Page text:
(From the forthcoming VRI publication: The Sammāsmbuddha in The Tipitaka,Vol 2.)
King Prasenjit of Kosala was once on a state visit to the Sākya country. He went in his chariot to relax in a park in outskirts of the city. Reaching the forest, his chariot could proceed no further through dense vegetation, and so he had to walk to continue his journey.
Walking through the forest, King Prasenjit saw tall trees towering amid stillness and silence. He experienced the quietness of the woods undisturbed by voices, a deep solitude far away from noise, and chatter. This was a place conducive for serious meditation. He was reminded of the times when he had often met the Buddha in such places of serenity. He wondered if the Buddha was in the region. On enquiry, he found that the Buddha was indeed teaching in a place nearby at that time. Quiet places of seclusion and solitude became synonymous with the Buddha and those practicing the Buddha’s teaching.
The Enlightened One favored peace, silent meditation and solitude. But it did not mean he avoided his duties and responsibilities as a Vipassana teacher. He maintained his connection with his students, always ready to guide them when needed.
The depth of his universal, practical teaching and the number of his discourses (85,000) during 45 years of selfless Dhamma service far outnumbers the discourses of any other spiritual teacher in the long history of mankind. His entire life as the Buddha was full of compassion. He constantly worked for the benefit, the happiness of many. He was always busy in Dhamma work. True are these words about the Buddha:
‘Asammohadhammo satto loke uppanno bahujanahitāya bahujanasukhāya lokānukampāya atthāya hitāya sukhāya devamanussānan’ti. – Majjhima nikāya 1.50 Bhayabheravasuttam
-‘Out of immeasurable compassion, for the well being of all, for happiness and welfare of gods and men, a being free from delusion, has arisen in the world’.
The Buddha has himself said how he continued to serve beings.
‘Aññatra asitapītakhāyitasāyitā aññatra uccārapassāvakammā, aññatra niddākilamathapaṭivinodanā apariyādinnāyevassa, sāriputta, tathāgatassa dhammadesanā, apariyādinnamyevassa tathāgatassa dhammapadabyañjanam, apariyādinnaṃyevassa tathāgatassa pañhapaṭi-bhānam’..
– M.1.161, Mahāsīhanādasuttam
-‘O Sariputta, barring those times when the Tathāgata partakes of little food once a day, attends to calls of nature or briefly rests his body, he expounds the Dhamma tirelessly and explains the intricacies of it, answers questions on the Dhamma day and night.
Rest and Meditation
While the ultra-pure mind of a Sammāsambuddha is of tireless strength, his body needed three or four hours of rest in 24 hours. This rest he took in one quarter of the night, but with awareness and equanimity. The Buddha also undertook periodic solitary retreats to practice meditation. The question would arise why one who is free from craving, aversion and ignorance, needed to meditate:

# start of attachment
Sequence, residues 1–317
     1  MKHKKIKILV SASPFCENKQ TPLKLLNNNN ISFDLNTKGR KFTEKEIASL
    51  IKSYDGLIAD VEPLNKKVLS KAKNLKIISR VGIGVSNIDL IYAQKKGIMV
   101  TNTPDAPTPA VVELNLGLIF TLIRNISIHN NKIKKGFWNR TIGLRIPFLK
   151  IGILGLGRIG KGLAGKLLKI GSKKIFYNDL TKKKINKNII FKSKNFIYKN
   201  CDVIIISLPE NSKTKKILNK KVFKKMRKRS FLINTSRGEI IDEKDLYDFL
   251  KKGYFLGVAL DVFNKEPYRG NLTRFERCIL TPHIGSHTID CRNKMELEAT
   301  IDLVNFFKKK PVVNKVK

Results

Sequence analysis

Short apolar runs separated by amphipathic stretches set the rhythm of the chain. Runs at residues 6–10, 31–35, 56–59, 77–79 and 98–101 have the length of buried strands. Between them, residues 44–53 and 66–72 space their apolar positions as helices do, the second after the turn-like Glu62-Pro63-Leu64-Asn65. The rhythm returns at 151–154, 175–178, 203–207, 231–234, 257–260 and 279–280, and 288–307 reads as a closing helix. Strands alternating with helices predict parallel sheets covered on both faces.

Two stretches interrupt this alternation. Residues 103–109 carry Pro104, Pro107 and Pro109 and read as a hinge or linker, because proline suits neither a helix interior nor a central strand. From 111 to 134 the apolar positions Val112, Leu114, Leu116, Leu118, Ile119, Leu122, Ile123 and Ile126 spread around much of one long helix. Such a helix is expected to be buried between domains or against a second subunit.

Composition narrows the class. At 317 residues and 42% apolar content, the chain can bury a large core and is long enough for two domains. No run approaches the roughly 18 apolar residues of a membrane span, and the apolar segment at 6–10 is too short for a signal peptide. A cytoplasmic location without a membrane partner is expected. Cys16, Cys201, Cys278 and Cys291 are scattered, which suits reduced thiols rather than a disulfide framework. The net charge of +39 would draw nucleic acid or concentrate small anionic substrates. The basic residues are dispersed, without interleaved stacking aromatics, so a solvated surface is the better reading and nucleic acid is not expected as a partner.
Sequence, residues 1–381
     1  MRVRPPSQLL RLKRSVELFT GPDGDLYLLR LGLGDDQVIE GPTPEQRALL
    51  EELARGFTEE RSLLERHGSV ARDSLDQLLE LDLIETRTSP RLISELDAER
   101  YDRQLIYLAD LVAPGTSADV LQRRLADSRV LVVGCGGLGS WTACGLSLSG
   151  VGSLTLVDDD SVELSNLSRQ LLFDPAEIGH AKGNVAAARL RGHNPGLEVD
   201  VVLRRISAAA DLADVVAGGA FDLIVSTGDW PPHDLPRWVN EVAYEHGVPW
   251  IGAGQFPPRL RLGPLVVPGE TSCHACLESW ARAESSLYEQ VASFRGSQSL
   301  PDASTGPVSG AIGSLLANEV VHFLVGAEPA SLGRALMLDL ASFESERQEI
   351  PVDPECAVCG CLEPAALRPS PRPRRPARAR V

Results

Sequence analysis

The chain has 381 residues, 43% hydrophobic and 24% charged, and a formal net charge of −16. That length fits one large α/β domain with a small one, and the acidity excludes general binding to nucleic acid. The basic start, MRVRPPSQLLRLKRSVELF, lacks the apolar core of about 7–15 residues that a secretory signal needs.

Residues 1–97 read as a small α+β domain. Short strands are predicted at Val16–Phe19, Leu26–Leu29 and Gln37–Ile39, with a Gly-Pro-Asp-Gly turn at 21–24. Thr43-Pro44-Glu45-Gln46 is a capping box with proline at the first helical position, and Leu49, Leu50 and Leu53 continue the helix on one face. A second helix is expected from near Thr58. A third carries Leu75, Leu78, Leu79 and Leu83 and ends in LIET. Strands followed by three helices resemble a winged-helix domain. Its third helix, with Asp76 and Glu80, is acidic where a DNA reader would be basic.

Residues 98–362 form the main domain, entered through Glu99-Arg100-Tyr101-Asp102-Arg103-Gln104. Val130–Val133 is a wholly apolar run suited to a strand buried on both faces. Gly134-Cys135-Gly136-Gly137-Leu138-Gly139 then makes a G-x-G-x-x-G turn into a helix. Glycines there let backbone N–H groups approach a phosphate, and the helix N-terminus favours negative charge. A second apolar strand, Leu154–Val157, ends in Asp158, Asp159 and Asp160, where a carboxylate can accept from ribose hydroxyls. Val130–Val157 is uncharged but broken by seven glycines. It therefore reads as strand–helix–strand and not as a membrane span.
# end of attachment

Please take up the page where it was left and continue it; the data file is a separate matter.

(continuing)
Ajjāpi nūna samano gotamo – avītarāgo, avītadoso, avītamoho
-Is Gotma still not beyond craving, aversion and delusion?
tasmā araññavanapatthāni pantāni senāsanāni paṭisevati!
-Is that why he goes for solitude to the quiet forest?
In order to remove such false understanding, the Buddha explained why he occasionally resorted to meditating in the forest.
Dve kho aham, brāhmana, atthavase sampassamāno araññavanapatthāni pantāni senāsanāni paṭisevāmi – attano ca ditthadhammasukhavihāram sampassamāno, pacchimañca janatam anukampamāno”ti.
– M.1.55, Bhayabheravasuttam
-Buddhas retreat in solitude for two reasons:
For a pleasant abiding here and now, and due to compassion for the future generations.
Meditation in Solitude
The human body has limited capacity, even if it is the body of the Buddha. He too needed rest. Besides this, the Buddha was far-sighted. He knew that some Dhamma teachers of future generations would not practice Vipassana themselves, but would keep asking their students to practice. To ensure that teachers practice what they teach, he established a healthy tradition for the ideal Dhamma teacher – one who ardently continues and deepens one’s Vipassana practice to fully purify the mind.
Although the Buddha himself was completely free from all mental impurities, he never discontinued practicing meditation. The Buddha set a living example of how even a Sammāsambuddha continued to practice Vipassana, even after reaching the final goal.
Students cannot be expected to follow a teacher who does not practice what he teaches. Besides a teacher who is not an arahant (one who has fully purified the mind) can still succumb to latent impurities in the mind. To help future generations of Vipassana teachers avoid such a dangerous mistake, the Buddha compassionately set an example: he went into Vipassana meditation retreats from time to time, to make clear to those in Dhamma service not to neglect the responsibility to eradicate impurities in their own minds.
While there are many benefits and support gained from group meditation, we gain great strength and self-dependence from meditating in seclusion. It is, in fact, incomparable. This is why pagodas in Vipassana centers have individual meditation cells for meditating in solitude. The Enlightened One set the compassionate example by setting aside time, even amid his busy schedule, to meditate alone. He wished to ensure that future generations of sincere Dhamma teachers and Dhamma workers will not succumb to the dangerous delusion, wrongly thinking: “Oh, I am so busy with my Dhamma work today, serving others. I have no time to meditate.”
The Sammāsambuddha, the most compassionate, tireless Dhamma worker of all, found time for daily practice of meditation. There can be no excuse to neglect one’s daily practice of Vipassana.